Nowadays when the use of fresh water supply for a cooling purpose is becoming both expensive and environmentally unacceptable, cooling tower is becoming more common equipment in the pulp and paper industry. Cooling towers can provide an answer to the growing need to save water and energy and help to protect the environment. Instead of using fresh water for cooling, warm water can be recycled back to the process if it is first cooled down to a sufficiently low temperature. Cooling tower provides a simple and cost-effective means for this purpose. Fresh water consumption can be reduced even by 95 %.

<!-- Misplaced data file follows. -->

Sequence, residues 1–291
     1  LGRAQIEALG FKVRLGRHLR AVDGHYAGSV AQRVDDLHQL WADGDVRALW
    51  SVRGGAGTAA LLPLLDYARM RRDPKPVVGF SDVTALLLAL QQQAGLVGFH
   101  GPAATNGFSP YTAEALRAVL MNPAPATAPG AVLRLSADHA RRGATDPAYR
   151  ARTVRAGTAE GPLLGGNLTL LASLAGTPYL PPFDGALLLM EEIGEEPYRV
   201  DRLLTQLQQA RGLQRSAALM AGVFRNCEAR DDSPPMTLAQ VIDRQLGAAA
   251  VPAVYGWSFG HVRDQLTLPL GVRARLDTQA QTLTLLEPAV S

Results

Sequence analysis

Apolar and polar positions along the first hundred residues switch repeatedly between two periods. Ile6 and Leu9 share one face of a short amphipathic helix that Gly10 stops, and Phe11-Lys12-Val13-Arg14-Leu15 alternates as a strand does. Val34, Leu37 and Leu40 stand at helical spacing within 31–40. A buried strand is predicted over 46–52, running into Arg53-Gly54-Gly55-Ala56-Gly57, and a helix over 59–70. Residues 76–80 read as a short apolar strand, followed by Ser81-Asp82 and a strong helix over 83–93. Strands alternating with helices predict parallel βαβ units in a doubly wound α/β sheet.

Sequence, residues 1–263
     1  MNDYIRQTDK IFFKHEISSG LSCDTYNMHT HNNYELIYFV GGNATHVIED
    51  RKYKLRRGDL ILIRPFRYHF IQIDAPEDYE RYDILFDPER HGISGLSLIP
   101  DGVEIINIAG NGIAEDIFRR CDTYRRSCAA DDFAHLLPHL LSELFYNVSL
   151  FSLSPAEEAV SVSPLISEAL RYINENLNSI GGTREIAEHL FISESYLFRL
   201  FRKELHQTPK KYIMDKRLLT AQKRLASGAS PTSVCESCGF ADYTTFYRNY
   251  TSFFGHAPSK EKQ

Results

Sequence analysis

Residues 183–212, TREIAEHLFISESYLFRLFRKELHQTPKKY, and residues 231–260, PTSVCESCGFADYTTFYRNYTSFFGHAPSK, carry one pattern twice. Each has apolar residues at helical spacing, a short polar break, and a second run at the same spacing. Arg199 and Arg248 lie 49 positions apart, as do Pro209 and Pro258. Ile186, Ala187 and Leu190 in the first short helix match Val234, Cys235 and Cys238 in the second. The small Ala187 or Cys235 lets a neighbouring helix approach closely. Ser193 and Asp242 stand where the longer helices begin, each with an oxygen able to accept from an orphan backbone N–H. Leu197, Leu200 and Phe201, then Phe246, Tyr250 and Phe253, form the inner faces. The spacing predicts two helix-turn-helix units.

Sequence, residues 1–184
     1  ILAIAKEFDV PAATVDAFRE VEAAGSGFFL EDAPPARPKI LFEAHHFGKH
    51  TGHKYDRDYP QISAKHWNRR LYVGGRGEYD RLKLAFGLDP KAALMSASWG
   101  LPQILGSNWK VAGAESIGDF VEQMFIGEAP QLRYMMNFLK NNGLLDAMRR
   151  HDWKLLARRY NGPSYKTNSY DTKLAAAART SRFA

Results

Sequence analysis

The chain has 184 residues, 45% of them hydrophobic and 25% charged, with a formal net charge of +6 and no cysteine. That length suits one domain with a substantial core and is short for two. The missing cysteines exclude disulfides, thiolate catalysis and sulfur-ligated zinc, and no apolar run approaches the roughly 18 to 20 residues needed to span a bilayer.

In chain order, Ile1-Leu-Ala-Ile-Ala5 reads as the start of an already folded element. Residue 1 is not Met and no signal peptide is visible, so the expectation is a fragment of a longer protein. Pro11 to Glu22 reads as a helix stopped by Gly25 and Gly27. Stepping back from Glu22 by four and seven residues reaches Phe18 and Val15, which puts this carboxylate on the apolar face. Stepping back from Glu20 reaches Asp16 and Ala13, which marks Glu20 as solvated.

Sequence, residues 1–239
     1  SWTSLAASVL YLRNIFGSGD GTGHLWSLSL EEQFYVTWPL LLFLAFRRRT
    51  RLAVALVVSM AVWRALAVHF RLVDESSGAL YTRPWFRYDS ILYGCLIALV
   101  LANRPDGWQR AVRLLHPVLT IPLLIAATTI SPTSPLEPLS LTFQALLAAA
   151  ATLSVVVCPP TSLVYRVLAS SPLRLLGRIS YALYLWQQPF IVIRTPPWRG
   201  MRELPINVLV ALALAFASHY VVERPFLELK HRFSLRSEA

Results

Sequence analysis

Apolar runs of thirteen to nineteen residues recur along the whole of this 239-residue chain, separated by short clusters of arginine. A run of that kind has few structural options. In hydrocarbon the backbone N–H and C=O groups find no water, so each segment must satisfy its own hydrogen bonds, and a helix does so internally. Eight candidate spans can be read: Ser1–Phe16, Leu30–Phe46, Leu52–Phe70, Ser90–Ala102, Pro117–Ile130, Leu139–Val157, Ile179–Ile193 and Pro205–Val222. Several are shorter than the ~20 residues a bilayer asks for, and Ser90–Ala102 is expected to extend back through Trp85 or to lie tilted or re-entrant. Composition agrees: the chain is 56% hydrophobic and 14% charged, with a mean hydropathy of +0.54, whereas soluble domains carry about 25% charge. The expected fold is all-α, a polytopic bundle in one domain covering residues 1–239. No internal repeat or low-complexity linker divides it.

Evaporative cooling towers are based upon a very simple principle where energy is removed from the hot water in a direct contact with relatively cool and dry air. In a counterflow cooling tower the process consist of gas phase (air) flowing upwards, a liquid phase (water film) flowing downwards, and a large interface between these two phases. The key factors required for intensive heat and mass transfer in the cooling tower are large air to water interfacial contact area and high heat transfer coefficient. The main objectiveof the research is to determine the heat and mass transfer coefficients and the pressure drop of the different filling materials, and further how these depend on air and mass flow.